It seems a reasonable judgment that if the head of the National Institute of Allergy and Infectious Diseases was funding research that would manufacture viruses capable of starting deadly pandemics in unsafe laboratories connected to military bioweapons programs in totalitarian foreign countries increasingly hostile to the United States, and this information was known after one of those viruses broke out and started a deadly pandemic, a personnel change would have been in order.

It’s also a reasonable judgment that if the fact pattern established by Wade is legitimate — and this column has seen nothing convincing to the contrary — Anthony Fauci is responsible for the deaths of a half-million Americans, trillions of dollars in economic losses, the indirect influence of a result in an American presidential election, and untold damage to national morale, civil liberties, and trust in medicine, research, and governmental authority.

A whole lot of which was known well before the 2020 presidential election.

I’m not trying to belabor the point here or to castigate Trump. All of this stuff is very much “in the weeds,” and it’s the kind of thing it’s tough to ask the president to step in specifically and fix.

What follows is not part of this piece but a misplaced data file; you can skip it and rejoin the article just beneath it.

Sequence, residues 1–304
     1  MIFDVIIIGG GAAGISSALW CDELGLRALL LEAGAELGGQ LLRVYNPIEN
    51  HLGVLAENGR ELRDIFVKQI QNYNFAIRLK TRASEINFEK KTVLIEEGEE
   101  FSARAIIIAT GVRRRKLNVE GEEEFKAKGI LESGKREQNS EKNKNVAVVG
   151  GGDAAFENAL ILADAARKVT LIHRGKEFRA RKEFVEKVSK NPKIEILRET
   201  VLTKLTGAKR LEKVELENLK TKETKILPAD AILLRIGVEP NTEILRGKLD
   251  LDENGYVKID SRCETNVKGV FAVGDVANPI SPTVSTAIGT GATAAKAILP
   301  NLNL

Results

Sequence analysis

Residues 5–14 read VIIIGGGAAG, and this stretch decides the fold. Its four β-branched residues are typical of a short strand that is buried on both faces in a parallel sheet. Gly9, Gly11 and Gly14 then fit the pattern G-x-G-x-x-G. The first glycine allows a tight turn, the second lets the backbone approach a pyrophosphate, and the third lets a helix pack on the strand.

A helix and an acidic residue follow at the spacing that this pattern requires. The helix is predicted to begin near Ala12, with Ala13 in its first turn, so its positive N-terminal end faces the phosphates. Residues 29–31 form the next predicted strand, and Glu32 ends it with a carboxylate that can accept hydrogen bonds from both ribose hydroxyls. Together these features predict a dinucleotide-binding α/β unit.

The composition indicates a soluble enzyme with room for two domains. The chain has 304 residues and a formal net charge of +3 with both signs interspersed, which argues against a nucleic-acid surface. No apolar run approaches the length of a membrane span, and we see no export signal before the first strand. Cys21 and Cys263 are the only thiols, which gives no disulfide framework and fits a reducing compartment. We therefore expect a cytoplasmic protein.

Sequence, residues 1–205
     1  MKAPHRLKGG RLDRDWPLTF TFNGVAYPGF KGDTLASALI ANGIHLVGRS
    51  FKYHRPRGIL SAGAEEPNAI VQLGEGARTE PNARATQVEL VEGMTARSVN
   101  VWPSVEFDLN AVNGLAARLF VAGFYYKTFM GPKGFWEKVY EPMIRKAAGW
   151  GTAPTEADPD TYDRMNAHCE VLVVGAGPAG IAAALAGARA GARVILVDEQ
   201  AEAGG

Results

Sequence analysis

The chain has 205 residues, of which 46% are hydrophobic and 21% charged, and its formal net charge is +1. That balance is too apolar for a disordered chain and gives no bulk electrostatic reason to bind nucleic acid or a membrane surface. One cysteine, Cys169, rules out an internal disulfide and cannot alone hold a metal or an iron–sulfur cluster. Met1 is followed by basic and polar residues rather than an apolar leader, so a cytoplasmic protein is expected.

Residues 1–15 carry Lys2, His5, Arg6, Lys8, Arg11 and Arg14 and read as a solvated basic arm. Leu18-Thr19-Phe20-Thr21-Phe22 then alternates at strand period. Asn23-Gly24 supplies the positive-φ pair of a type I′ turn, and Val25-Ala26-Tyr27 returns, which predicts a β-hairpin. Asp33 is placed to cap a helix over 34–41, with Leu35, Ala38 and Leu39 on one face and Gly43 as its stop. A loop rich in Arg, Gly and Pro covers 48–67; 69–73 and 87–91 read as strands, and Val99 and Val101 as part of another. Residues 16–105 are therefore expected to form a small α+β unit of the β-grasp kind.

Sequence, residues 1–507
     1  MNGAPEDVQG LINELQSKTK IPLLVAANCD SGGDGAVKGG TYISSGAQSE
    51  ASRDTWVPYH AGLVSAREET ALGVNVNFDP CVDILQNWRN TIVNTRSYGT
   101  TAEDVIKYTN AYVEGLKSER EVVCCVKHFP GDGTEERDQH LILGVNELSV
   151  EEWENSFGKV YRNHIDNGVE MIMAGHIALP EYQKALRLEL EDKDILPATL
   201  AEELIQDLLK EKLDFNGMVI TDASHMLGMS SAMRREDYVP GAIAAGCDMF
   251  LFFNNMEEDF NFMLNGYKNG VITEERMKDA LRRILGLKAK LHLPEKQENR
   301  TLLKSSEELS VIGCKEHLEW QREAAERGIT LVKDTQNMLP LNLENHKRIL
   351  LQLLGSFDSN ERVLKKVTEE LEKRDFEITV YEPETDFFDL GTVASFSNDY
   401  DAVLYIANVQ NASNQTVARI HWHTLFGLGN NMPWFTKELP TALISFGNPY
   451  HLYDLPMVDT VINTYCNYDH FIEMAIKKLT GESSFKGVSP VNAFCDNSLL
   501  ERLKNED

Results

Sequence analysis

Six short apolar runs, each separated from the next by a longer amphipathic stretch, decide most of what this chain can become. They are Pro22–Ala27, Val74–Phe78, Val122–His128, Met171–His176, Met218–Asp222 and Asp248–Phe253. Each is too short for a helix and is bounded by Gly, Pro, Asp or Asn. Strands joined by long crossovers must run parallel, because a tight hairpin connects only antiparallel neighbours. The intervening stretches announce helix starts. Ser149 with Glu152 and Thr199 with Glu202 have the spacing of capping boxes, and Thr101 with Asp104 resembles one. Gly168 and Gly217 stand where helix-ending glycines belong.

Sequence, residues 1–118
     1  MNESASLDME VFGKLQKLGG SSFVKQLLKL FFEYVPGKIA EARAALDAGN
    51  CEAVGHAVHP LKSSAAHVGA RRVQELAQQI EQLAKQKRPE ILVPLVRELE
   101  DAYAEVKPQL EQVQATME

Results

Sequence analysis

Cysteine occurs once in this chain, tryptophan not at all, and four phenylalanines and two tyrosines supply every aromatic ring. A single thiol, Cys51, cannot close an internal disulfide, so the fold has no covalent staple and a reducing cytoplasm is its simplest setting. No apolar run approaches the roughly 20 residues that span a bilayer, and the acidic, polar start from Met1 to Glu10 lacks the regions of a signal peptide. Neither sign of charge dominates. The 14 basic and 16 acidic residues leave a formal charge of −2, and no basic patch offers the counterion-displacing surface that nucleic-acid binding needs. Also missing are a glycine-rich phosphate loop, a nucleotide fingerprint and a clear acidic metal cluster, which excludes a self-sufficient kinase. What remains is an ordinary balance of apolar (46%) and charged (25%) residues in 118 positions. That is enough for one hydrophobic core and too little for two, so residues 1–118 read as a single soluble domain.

But somebody on the president’s staff needed to examine the available information and recognize the horrifying implications of what had happened before Anthony Fauci was allowed to be put forward as the face of America’s COVID-19 response.

Trump, through that staffer or personally, needed to make a phone call to Collins telling him Fauci’s time was up and he needed to resign, and Collins needed to make that happen quietly. And if that didn’t happen, then both Fauci and Collins would be very noisily packed off to retirement, complete with a Justice Department investigation of their role in funding Dr. Shi, China’s virus-manipulating “bat lady,” through Peter Daszak’s Frankensteinian EcoHealth Alliance.

This column posits that we Americans are governed by people who suck. Well, this, friends, sucks. There ought to be consequences for the suckage. It’s too bad it didn’t happen a year ago; we’d be amid a booming economy in Trump’s second term if it had.

Scott McKay
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Scott McKay is a contributing editor at The American Spectator  and publisher of the Hayride, which offers news and commentary on Louisiana and national politics, and, a national political news aggregation and opinion site. Additionally, he's the author of the new book The Revivalist Manifesto: How Patriots Can Win The Next American Era, available at He’s also a writer of fiction — check out his three Tales of Ardenia novels Animus, Perdition and Retribution at Amazon. Scott's other project is The Speakeasy, a free-speech social and news app with benefits - check it out here.